Faulty 3V solenoids

These are used in gas water heaters. The plunger pulls back to allow gas to flow when 3V is applied. I have 5 which have failed. When I
apply 3.27V regulated to them I have to gently push the plunger for it to retract. Then it is OK and hard to pull out as it should be. When I turn off the power it pops out OK. It has continuity between positive and negative leads, about 5.2 ohms. There is also a yellow control wire in addition to the other 2 wires. When I test continuity between the yellow control wire and the other leads the multimeter does not beep for continuity but reads 320 ohms. Is it measuring impedance?
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OK.
You seem to be talking about the "thermopyle" powered solenolds.
"Consumers" really should not mess with these. If the thermopyle doesn't put out enough juice to operate them, the solutions are: 1) ensure the pilot light is properly adjusted; 2) replace the thermopyle (they are relatively cheap); or call in a technician to service the gas valve assembly.
If you W/H doesn't have a pilot light most comsumers should just call in a tech. Many of these non-pilot light appliances operate directly on 120 volts and include a "flame detector."
They typically last DECADES without any attention although I had an "infant mortality" situation with a clothes dryer.
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suputnic wrote:

I haven't seen a single one of these where the solenoid is expected to pull back the plunger. They have all used the manual "push and hold" button to move the plunger into place - all the solenoid has to do is to hold the plunger in that position, whilst the flame is present. Once the flame goes out, so does the plunger.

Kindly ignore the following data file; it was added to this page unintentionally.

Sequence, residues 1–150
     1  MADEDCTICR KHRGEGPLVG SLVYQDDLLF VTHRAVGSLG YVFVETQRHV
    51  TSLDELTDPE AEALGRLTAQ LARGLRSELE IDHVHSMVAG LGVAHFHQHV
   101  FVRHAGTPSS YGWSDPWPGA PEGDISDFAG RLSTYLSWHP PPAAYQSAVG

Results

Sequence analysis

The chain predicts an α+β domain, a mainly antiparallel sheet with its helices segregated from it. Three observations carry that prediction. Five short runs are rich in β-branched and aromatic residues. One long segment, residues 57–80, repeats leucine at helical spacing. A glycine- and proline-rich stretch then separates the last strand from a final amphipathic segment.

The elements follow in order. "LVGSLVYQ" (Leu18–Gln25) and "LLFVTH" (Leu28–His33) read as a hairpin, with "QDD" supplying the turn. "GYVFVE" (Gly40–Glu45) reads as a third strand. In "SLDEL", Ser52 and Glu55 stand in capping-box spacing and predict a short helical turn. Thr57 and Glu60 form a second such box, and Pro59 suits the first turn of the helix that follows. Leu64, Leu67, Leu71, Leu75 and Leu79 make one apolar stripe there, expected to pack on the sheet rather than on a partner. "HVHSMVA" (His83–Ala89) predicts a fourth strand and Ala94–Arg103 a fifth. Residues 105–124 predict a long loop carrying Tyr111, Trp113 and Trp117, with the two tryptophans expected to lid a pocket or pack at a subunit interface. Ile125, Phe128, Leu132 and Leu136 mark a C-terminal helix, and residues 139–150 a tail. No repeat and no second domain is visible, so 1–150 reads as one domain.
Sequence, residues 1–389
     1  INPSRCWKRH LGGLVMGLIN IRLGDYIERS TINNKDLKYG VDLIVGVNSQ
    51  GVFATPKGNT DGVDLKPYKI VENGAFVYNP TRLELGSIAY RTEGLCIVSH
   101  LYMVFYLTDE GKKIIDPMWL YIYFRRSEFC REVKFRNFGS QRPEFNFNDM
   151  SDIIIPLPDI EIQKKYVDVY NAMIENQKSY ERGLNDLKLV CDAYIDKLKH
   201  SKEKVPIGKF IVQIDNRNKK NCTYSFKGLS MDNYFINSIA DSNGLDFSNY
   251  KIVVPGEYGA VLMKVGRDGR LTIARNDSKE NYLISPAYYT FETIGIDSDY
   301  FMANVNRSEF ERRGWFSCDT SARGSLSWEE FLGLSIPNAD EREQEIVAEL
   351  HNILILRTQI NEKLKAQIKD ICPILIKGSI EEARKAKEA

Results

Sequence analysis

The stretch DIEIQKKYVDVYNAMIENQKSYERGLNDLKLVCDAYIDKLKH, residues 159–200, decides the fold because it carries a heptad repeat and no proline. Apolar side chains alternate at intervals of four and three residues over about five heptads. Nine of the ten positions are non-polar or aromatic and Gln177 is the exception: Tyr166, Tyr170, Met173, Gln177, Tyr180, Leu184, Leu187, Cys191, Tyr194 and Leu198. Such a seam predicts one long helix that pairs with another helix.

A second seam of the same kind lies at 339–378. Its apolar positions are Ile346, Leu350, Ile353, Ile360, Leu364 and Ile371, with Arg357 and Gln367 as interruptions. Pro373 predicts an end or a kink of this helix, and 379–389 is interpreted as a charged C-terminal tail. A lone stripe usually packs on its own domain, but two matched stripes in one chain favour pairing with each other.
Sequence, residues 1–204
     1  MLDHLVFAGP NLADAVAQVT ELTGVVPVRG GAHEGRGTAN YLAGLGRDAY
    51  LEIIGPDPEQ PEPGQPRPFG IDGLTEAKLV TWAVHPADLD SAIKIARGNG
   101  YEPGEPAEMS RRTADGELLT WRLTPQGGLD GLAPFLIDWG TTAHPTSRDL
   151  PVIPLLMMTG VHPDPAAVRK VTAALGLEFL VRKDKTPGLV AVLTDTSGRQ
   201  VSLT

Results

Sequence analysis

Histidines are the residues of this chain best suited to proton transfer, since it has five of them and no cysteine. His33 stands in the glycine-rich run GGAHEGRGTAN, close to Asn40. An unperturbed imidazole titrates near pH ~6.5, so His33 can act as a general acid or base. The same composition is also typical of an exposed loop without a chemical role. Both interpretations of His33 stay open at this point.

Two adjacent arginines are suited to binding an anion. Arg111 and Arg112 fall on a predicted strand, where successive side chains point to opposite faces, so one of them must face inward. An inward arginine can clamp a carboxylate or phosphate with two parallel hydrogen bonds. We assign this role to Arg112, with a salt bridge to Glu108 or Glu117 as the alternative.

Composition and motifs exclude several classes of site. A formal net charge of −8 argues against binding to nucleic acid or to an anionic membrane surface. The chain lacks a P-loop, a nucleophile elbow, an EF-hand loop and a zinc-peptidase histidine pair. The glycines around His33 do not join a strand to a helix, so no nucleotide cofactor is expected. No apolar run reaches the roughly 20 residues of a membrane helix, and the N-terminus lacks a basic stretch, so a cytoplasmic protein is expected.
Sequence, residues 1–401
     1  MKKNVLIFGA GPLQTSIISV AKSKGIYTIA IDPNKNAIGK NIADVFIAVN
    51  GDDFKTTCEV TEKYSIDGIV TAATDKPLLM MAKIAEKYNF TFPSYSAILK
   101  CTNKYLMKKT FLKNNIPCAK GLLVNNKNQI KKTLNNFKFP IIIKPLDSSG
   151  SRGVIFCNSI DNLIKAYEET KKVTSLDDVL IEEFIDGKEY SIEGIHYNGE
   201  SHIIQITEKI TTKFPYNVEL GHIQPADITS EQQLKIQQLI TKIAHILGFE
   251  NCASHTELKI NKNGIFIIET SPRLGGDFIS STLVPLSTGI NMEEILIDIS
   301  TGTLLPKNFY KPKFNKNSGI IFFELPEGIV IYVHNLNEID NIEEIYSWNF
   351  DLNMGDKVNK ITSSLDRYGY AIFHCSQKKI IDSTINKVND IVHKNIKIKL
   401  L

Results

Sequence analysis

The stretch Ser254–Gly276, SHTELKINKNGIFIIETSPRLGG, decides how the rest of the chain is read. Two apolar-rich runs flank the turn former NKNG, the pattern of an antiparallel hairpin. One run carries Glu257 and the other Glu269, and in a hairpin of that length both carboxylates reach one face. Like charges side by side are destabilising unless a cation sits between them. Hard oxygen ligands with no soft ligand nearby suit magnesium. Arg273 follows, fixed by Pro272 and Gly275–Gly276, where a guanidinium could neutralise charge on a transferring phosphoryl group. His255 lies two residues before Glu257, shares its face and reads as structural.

The electrical power generated by a pyro-electric flame sensor is pretty low, I wouldn't think it would ever be enough to actually retract a solenoid plunger.
I did come across one where the only fault was that the control valve assembly had moved back a fraction of an inch. So the push button was "bottoming out" on the carcase without having moved the plunger fully home. So nothing more was required than move the assembly back to where it had been. This had defeated the "engineer" called in to fix it, who, having replaced the flame detector with no improvement, had declared that a whole new water heater was needed as the control valve unit was no longer available but needed replacing..
-- Sue
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There is no pilot light. There is no push button. When water flows a switch is opened and this fires the solenoid to allow gas to flow. It is not a thermopyle whatever that is it's just a simple 3V solenoid. The solenoid does pull back the plunger.
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suputnic wrote: <snip>

There you go, you see. A bit more information helps to replace the assumptions that will otherwise fill the void.
So, to return to your original question. You apparently have one winding with a DC resistance of 5.2 ohms and another winding with a resistance of 320 ohms. Your test meter almost certainly measures DC resistance.
You don't mention whether the solenoid is coupled to the gas valve when you carry out your test. If so, it could be the valve that is too stiff to move. With a couple of watt solenoid, there isn't a great deal of force available.
The sense wire is used by the controller to check whether the plunger is in or out. It won't affect the basic operation. I would forget about it, for the time being at least.